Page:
81 Pages Posted: 30 Apr 2022 Last revised: 13 Mar 2023
Date Written: December 1, 2022
Factors guide and facilitate decision-making. When they are not formalized, factors can exist as probabilistic units of inquiry that describe considerations which have been or should be relevant. Even though factors are foundational and ubiquitous units in law, scholars have not fully explored their properties and functions. This article provides a comprehensive assessment of factors and the extensive role they play in legal discourse. Factors are goal-oriented categories nesting within broader classification structures. The surrounding taxonomic framework orients factors’ generality levels and inter-factor relationships. A factor’s internal operating structure can take many forms, including dichotomous orientations, those on more of a spectrum, and hybrid forms that integrate operational features of both. A factor can simply contribute to a decision, but it can also be irrelevant or dispositive of the outcome. Multi-factor operations can involve a limited number of factors or all of them. Each operation can take on aggregative or comparative qualities or a combination of these qualities. Moreover, some or all of the intra- and inter-factor operations could have a fixed or suggestive sequence. Collectively, these potential properties and attributes embody the broad concept of factors. A greater understanding of this concept contributes to the numerous theoretical and pragmatic undertakings that are premised on the workings of factors and the attributes of multi-factor inquiries.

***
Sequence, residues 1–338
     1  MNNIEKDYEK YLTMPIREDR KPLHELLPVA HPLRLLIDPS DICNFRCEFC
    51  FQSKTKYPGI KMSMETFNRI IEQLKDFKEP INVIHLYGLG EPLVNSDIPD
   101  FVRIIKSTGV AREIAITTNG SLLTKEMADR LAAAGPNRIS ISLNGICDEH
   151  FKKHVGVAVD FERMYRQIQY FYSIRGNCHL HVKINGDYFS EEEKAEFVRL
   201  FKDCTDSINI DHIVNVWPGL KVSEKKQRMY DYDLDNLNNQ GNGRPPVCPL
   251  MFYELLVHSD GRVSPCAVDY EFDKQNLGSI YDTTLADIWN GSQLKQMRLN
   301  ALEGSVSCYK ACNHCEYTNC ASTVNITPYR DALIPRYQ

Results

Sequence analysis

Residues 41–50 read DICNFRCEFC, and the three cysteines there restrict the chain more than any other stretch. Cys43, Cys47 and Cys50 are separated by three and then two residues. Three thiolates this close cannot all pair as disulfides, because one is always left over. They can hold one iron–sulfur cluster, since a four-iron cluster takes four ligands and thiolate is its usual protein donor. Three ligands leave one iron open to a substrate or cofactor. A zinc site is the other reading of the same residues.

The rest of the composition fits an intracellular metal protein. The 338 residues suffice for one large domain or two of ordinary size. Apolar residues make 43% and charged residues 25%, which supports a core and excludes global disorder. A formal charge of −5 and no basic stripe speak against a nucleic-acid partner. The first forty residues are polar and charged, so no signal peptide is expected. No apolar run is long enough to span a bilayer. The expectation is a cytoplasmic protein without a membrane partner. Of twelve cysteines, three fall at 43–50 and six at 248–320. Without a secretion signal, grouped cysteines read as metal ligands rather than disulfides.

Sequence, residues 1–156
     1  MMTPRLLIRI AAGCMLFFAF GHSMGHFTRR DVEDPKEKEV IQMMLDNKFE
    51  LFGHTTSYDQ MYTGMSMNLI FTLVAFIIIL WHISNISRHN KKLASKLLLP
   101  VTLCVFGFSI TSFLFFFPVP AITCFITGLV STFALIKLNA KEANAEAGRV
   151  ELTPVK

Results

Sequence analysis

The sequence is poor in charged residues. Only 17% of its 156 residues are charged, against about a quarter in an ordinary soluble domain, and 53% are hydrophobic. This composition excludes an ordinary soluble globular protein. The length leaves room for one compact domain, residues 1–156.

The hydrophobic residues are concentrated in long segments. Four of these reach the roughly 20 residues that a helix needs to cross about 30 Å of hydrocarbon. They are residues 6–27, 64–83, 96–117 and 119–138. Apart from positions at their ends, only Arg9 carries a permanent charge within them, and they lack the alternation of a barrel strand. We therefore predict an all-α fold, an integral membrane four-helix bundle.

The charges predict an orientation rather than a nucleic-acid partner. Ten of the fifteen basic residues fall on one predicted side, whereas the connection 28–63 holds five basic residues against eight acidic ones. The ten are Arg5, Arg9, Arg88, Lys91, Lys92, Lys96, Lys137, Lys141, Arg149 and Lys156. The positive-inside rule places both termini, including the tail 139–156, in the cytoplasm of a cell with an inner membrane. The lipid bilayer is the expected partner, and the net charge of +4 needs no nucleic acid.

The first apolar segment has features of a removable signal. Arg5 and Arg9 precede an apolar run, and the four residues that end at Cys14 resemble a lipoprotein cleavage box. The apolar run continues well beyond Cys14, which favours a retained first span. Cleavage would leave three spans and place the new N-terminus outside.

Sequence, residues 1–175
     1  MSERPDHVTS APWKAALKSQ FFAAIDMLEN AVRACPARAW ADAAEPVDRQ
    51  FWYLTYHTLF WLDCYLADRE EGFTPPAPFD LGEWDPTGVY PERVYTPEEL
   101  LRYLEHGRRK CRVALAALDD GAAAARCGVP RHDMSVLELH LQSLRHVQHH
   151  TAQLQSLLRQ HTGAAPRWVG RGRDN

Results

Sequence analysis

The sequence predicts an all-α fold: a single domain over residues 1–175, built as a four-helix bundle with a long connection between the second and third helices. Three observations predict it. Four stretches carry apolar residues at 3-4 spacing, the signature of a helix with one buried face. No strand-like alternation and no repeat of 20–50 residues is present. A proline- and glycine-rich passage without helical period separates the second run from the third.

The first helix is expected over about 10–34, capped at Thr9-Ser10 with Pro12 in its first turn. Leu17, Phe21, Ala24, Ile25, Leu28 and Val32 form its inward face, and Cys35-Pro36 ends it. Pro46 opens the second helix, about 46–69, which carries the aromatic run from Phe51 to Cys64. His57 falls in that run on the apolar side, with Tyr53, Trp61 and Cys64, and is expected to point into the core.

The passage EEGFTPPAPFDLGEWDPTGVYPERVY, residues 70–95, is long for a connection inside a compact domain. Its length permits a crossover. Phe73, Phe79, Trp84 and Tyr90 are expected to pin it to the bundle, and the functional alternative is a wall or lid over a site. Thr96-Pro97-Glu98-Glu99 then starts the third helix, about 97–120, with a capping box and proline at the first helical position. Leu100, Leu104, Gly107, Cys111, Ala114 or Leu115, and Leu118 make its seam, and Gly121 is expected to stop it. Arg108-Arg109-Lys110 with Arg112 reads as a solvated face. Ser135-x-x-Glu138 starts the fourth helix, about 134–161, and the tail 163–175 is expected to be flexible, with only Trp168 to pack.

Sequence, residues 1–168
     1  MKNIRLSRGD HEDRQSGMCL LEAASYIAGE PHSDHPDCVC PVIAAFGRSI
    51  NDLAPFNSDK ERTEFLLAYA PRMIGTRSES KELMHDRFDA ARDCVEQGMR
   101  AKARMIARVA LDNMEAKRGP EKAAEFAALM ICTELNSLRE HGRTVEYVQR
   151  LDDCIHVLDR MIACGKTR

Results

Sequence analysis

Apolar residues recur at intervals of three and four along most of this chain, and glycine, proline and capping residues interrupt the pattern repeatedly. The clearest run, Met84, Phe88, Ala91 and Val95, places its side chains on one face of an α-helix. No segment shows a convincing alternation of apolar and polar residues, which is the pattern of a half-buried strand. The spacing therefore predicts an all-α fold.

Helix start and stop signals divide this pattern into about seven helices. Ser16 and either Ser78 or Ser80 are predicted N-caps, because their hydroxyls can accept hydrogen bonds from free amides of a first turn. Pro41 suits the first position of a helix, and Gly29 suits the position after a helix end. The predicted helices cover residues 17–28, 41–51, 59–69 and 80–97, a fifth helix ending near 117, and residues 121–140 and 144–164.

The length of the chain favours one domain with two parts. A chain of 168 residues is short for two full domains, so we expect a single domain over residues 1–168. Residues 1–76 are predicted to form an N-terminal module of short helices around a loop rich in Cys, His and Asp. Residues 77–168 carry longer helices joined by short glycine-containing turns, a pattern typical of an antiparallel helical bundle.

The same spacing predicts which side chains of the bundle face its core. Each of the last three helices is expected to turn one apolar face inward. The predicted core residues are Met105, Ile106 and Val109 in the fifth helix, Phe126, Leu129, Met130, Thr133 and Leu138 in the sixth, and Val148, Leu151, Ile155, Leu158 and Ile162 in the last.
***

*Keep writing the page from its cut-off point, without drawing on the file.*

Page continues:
Keywords: factors, elements, rules, jurisprudence, legal tests, taxonomy, classification, cognitive psychology, legal reasoning, induction, synthesis, precedent, legal realism, totality of the circumstances, balancing, thresholds, presumptions, schemas, context, frame of reference, legal writing
JEL Classification: K1, K10, K19, K3, K30, K4, K40, K41, K42, K49
Suggested Citation: Suggested Citation